I’ve disappointed a lot of people in the past 18 months. “Could you fund yoga classes?” “Singing is great for well-being – do you have some money for a choirmaster?” “Would the organisation pay for on-site massage?” All great ideas, and all no doubt beneficial in their way for some, but only a small part of what well-being means to me. One of the main drivers for me to produce a well-being strategy for the British Council was to explain what we mean by well-being and what our priorities are.
Developing the strategy
Well-being is a slippery concept and has many different dimensions in a complex organisation, so I started with a few facts and observations:
- We are an international organisation, employing about 10,500 staff in 114 countries around the world
- We work in some difficult places in the Americas, Africa, the Middle East and Asia, where stability, safety and security cannot be taken for granted
- We face multiple pressures, and need to change and adapt rapidly
- Our highly consultative culture can slow us down and lead to uncertainty and ambiguity
- Despite the fact that we think of ourselves as a people organisation, we are not as skilled across the organisation as we might be in people management
- Staff surveys in recent years have shown an increasing perception that workloads are growing and felt to be unmanageable in some places
- Sickness absence data suggests that issues related to mental health and stress account for the highest proportion of days off work
- Resources for well-being are limited
To try to get to grips with the various aspects of well-being in the British Council I then mapped out (literally, using a mind-mapping tool) all the issues and implications that I could think of, eventually grouping them under some broad headings which then formed the backbone of our strategy:
- Improving the support that we give to staff working in ‘fragile states’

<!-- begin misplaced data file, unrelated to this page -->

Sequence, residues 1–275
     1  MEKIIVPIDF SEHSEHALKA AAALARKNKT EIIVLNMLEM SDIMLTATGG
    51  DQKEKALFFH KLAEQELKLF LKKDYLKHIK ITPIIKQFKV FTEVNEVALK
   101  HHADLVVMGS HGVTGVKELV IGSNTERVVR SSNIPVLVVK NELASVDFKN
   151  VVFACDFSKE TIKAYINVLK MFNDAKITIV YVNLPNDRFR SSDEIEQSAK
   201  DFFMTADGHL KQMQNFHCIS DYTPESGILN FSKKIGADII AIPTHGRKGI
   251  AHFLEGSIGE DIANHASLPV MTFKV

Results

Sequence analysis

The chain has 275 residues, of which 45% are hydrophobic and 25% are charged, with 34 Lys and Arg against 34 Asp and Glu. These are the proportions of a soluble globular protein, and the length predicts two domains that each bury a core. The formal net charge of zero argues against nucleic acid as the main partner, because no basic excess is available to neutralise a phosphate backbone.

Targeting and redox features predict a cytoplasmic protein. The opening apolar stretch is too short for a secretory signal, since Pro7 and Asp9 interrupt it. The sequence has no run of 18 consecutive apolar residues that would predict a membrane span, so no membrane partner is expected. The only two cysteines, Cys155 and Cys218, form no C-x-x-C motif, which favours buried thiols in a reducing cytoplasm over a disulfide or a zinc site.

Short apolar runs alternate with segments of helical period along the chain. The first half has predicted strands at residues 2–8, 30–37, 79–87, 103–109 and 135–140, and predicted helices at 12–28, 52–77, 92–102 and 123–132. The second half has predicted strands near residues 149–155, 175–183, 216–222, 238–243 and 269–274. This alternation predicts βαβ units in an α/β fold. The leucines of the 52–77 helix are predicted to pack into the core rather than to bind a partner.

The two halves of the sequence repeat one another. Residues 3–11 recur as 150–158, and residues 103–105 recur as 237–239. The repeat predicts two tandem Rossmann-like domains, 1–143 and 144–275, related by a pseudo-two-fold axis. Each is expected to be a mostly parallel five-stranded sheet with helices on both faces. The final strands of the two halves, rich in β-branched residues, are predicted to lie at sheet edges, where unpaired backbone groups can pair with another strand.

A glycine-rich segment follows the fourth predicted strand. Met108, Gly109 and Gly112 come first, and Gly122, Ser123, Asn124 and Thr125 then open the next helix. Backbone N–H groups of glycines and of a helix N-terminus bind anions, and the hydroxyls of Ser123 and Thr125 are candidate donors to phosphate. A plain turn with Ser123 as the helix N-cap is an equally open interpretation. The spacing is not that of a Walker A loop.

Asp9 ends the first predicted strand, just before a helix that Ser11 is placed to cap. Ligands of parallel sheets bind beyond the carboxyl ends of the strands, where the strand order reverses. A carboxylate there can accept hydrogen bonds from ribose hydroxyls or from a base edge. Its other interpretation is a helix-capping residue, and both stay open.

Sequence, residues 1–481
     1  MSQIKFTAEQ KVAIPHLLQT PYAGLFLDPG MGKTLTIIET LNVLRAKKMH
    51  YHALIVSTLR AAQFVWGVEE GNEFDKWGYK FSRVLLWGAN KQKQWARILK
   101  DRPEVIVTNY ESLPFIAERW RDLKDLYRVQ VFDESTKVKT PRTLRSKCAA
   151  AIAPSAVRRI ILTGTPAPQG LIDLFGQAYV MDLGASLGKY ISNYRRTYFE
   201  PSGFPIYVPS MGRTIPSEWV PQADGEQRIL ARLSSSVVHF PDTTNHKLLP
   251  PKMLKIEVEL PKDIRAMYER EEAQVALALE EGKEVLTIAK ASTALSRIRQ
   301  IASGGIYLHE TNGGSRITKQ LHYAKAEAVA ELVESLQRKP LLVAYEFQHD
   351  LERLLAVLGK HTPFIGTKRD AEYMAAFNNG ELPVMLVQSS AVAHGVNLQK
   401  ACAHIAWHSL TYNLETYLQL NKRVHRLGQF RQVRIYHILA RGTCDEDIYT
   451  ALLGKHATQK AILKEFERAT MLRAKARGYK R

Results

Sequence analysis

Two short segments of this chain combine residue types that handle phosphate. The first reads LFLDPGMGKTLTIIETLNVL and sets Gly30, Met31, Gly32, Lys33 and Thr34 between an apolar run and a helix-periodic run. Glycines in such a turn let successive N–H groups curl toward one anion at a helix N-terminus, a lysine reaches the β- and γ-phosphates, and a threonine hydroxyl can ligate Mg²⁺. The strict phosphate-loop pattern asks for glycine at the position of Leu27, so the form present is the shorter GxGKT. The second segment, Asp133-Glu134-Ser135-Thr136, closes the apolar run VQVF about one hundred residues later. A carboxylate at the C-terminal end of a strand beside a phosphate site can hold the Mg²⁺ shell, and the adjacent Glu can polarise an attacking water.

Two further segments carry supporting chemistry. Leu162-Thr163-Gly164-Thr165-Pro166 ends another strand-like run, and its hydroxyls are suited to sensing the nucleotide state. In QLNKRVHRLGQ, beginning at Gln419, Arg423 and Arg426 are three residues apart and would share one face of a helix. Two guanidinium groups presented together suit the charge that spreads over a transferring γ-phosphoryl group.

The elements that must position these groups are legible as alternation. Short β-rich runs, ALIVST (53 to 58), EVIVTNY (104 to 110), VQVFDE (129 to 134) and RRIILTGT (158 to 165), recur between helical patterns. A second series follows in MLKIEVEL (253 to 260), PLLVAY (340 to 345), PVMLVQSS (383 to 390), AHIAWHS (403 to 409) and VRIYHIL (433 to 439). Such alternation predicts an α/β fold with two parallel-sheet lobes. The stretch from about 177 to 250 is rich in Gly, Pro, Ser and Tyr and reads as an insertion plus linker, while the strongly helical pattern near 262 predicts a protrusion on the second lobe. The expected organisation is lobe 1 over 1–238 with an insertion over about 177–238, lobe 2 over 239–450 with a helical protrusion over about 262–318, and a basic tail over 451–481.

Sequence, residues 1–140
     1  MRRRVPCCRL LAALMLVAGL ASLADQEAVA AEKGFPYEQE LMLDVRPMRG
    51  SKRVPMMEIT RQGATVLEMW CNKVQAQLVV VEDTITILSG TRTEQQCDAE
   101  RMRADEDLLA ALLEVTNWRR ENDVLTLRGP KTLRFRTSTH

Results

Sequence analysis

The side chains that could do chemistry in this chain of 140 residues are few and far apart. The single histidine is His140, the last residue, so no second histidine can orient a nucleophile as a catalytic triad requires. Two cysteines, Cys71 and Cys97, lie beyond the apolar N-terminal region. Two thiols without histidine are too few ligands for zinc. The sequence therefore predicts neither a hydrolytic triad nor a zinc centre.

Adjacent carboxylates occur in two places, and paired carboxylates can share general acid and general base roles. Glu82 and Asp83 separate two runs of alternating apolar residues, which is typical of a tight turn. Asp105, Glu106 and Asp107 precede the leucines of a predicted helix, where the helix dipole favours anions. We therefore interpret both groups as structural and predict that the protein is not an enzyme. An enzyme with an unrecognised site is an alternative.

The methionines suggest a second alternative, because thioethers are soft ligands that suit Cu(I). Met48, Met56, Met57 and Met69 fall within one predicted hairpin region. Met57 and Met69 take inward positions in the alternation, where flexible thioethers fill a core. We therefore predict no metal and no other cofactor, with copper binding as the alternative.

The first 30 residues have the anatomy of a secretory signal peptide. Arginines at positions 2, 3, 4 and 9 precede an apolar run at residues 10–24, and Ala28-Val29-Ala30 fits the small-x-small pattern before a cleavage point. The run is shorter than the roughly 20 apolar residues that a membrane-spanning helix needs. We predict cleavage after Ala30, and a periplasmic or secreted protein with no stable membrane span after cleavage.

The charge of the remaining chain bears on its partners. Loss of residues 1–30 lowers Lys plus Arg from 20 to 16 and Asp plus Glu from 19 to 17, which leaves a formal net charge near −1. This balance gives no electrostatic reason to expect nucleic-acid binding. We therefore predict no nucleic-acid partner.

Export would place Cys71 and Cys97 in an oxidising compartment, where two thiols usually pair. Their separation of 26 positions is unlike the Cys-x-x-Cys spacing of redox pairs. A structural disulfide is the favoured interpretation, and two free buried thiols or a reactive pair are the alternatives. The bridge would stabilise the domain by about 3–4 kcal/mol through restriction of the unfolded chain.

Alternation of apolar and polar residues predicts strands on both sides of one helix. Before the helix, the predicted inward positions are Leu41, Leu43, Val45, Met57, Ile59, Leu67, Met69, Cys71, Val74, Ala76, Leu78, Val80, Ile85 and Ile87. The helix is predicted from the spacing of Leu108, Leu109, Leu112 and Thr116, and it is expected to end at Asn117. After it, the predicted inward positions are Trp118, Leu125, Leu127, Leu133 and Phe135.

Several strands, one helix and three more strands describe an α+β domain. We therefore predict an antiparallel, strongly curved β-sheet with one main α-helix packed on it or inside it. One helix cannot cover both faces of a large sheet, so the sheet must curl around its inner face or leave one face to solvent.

- Providing effective responses for staff affected by crises
- Improving policies and systems for the management of ill-health and related absence
- Promoting good physical and mental health
- Improving line manager and HR support and understanding.
Once I had finished it all seemed quite obvious – perhaps a good sign? – and the mind map has been a very useful one page visual aid in discussions with stakeholders to gain understanding and agreement. From there it was relatively easy, through discussions with stakeholders, to produce the strategy, which turned out to be a short PowerPoint presentation.
Moving from strategy into action
The main areas of work flowing from our strategy have been planned for implementation across two years; we’re at the halfway point now. The priorities for the first year have been to develop and launch a well-being campaign across the organisation, and to review the support we provide to staff working for us in fragile states.
The well-being campaign is intended to raise awareness of the issues that have an impact on well-being, to highlight existing resources and policies, and to discuss the responsibilities of staff, managers and the organisation with regard to well-being. The campaign, which we’ve called ‘Keep well’, has five themes: physical health, mental health, work-life balance, the physical work environment, and relationships. We’re launching a new theme every other month with a wide range of resources in the hope that there will be something that makes a connection with everyone, wherever they are. Feedback so far suggests that it has been well received, and it is encouraging to hear reports of activities in many of our offices around the world.
One of the key features of our organisation is that we work in a number of countries where daily life can be very difficult, whether as a result of conflict and violence, breakdown of basic services, or economic crises. To date we have focused primarily on putting in place support for UK and other expatriates who we post to leadership roles in these locations, but we believe that there is more that we can do, especially in terms of preparation and then on-going psychological health support. In addition we are looking at what we could do to help national staff cope better with the challenges that they face on a daily basis, for example we are piloting resilience training in some locations.
Drawing up our well-being strategy has been an essential first step, which has helped to clarify, explain and where necessary justify the work. However, having one doesn’t guarantee successful implementation. No one in our organisation doubts the importance of the issues, but with the volume and velocity of change we are managing it is still difficult to catch, let alone hold, people’s attention, and even more difficult to get them to commit limited resources. We’re making progress, step by step, and can already point to some significant achievements. But there is still much that we need to do – and that’s unlikely to include funding for yoga, choirs, or massage anytime soon.
If you’re interested in improving worker health and wellbeing, don’t miss the opportunity to hear Andrew Spells speak at HRreview’s Health at Work Summit on the 4th May at the Holiday Inn Kensington Hotel.
- Andrew Spells: Developing a wellbeing strategy - Monday, April 10, 2017